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Ebola: PPE, Infection Control, and Regionalization of Care

Amesh A. Adalja, MD, FACP, FACEP, October 22, 2014

This week brought the end of the 21-day observation period of the contacts of Thomas Eric Duncan, the first Ebola patient diagnosed in the US. None of his initial contacts, including close family members, became ill—a fact that underscores important elements of Ebola’s transmission characteristics. 

Differential Contagiousness

The contagiousness of Ebola is directly related to the amount of blood and bodily fluids emitted from patients, as contact with these substances is the sole proven means of infection. As vomiting, diarrhea, and hemorrhage worsen during the course of illness, contagiousness accordingly rises. Such differential contagiousness may explain the absence of illness among Mr. Duncan’s initial contacts. As Mr. Duncan’s condition worsened, later contacts would have been exposed to progressively more infectious material. This scenario, coupled with the initiation of invasive medical procedures such as hemodialysis and mechanical ventilation, would have conferred a much higher risk of contagion on those exposed to him in the later stages of illness, such as healthcare workers with less than optimal use of personal protective equipment (PPE).

New Guidance Issued

Reflecting the newly appreciated realization that healthcare workers in industrialized countries may paradoxically have a heightened risk of infection, the CDC issued revised PPE guidance with 3 overarching principles: training with drills, no skin exposure, and monitoring of proper donning and doffing procedures. The guidance was informed by best practices used at the sophisticated biocontainment facilities at the NIH, Emory University Hospital, and Nebraska Medical Center, where several Ebola patients have been successfully cared for without any resulting healthcare worker infections.

Regionalization and Tiering

The fact that 2 American healthcare workers were infected with Ebola has highlighted a severe shortcoming in infection control procedures that is undoubtedly present in many other hospitals across the nation. Unfortunately, nationwide, infection control is practiced with varying degrees of rigor and with little formal training, even at tertiary care academic medical centers. The result of suboptimal infection control practice is usually not immediately obvious for most pathogens—that is, the healthcare workers do not get overtly sick with a highly lethal disease. Ebola, much like SARS 11 years ago, is the exception that demonstrates what actually happens all the time. Without extensive training, practice, and meticulous attention to detail, healthcare workers are exposed to contagious pathogens all the time. Furthermore, the vast majority of healthcare workers in the US have little or no experience with donning and doffing the newly recommended full body suits, even though they may be part of a cadre of personnel designated in advance to care for an Ebola patient.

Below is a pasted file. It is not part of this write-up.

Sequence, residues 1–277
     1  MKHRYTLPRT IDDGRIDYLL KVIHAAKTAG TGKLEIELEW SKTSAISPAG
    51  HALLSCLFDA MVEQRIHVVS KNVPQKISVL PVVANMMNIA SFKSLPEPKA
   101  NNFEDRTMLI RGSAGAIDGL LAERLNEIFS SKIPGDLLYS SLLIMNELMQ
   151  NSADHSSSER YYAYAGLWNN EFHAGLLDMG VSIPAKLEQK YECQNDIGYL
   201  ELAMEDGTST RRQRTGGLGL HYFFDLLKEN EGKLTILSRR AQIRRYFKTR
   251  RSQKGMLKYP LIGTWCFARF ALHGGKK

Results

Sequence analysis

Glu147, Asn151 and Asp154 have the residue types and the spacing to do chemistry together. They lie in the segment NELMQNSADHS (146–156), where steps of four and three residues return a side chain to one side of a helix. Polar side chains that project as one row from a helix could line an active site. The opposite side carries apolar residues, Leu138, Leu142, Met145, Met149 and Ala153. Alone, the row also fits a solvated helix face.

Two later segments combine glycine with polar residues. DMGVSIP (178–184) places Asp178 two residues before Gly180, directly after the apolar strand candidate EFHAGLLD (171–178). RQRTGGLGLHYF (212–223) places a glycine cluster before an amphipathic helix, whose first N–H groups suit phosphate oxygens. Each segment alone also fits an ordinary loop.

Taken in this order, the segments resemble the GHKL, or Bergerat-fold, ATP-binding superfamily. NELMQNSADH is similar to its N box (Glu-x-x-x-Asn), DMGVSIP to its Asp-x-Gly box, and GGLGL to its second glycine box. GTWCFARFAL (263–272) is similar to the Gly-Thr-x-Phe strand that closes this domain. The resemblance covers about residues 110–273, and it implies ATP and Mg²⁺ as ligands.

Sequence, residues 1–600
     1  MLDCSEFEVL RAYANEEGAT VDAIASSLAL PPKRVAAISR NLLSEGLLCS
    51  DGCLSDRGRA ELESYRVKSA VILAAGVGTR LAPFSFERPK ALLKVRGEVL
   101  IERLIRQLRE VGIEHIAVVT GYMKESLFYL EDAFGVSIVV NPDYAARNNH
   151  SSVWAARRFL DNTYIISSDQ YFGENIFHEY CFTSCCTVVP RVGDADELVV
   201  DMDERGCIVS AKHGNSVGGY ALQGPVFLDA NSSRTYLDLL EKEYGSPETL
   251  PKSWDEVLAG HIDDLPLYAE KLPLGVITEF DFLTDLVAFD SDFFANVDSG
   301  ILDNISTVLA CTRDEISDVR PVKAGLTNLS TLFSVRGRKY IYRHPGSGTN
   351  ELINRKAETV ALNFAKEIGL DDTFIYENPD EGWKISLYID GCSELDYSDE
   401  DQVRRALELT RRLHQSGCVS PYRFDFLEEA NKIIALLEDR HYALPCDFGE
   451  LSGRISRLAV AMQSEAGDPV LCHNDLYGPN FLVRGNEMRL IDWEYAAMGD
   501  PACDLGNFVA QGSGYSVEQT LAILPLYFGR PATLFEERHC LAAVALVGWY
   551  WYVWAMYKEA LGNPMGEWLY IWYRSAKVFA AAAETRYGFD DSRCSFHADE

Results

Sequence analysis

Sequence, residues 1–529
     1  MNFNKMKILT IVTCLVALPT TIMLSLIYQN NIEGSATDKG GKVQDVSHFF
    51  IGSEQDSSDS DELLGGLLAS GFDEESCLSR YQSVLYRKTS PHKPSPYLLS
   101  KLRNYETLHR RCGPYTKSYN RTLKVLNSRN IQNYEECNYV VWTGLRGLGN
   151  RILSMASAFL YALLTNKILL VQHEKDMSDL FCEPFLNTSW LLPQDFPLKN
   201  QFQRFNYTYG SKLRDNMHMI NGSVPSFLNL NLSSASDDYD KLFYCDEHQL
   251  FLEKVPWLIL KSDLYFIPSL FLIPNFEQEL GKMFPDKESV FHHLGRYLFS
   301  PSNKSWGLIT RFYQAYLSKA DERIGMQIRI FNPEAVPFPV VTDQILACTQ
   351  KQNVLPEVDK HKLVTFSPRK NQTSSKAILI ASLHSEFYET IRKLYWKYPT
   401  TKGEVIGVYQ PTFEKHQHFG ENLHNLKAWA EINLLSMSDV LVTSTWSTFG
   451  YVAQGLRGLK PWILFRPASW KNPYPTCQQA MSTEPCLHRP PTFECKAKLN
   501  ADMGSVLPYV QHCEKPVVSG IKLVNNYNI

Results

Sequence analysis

Infection control guidance that is not coupled with extensive training will continue to place healthcare workers at risk. Treating an Ebola patient safely requires meticulous adherence to protocol that can only be achieved by repeated training, practice, and drills. Just-in-time training to use the extensive PPE required to care for a patient safely cannot alone be expected to produce proficiency. 

Juxtaposing the experience of Dallas with that of the biocontainment facilities leads to the conclusion that future Ebola cases in the US should optimally be managed at one of the existing 4 biocontainment facilities, so long as capacity exists. This should be the first tier of a national response strategy. If the capacity of these facilities is exceeded, other designated regional facilities, which have incontrovertibly demonstrated their proficiency with infection control and are augmented by CDC and Department of Defense support and training, should be used as a second tier. Unless there is a large epidemic, which is very unlikely, ordinary hospitals should not provide care for Ebola patients beyond initial evaluation and diagnosis.

Ensuring infection control protocol adherence is paramount to containing this outbreak in all settings.


  1. Adalja AA, Henderson DA. Optimization of interventions for Ebola: differential contagion. Biosecur Bioterror 2014.Online ahead of print. Accessed October 21, 2014.
  2. Guidance on personal protective equipment to be used by healthcare workers during management of patients with Ebola virus disease in U.S. hospitals, including procedures for putting on (donning) and removing (doffing). Centers for Disease Control and Prevention website. October 20, 2014. Accessed October 21, 2014.